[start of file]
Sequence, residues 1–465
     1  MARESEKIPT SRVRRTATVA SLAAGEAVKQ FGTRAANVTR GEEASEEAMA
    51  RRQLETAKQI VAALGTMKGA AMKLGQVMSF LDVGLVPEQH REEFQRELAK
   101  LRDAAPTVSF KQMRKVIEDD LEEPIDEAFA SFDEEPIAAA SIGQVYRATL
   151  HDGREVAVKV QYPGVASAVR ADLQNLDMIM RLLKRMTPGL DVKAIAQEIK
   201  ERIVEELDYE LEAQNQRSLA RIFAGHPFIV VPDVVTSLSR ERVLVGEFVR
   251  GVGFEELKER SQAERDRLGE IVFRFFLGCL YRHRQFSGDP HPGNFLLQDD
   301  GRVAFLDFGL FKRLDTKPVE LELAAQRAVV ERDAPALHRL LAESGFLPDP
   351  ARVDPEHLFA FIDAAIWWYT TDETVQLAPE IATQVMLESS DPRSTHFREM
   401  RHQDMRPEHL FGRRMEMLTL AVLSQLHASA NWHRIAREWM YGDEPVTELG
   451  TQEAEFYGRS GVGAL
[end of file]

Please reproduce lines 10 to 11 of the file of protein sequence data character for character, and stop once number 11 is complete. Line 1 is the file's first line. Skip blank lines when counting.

   401  RHQDMRPEHL FGRRMEMLTL AVLSQLHASA NWHRIAREWM YGDEPVTELG
   451  TQEAEFYGRS GVGAL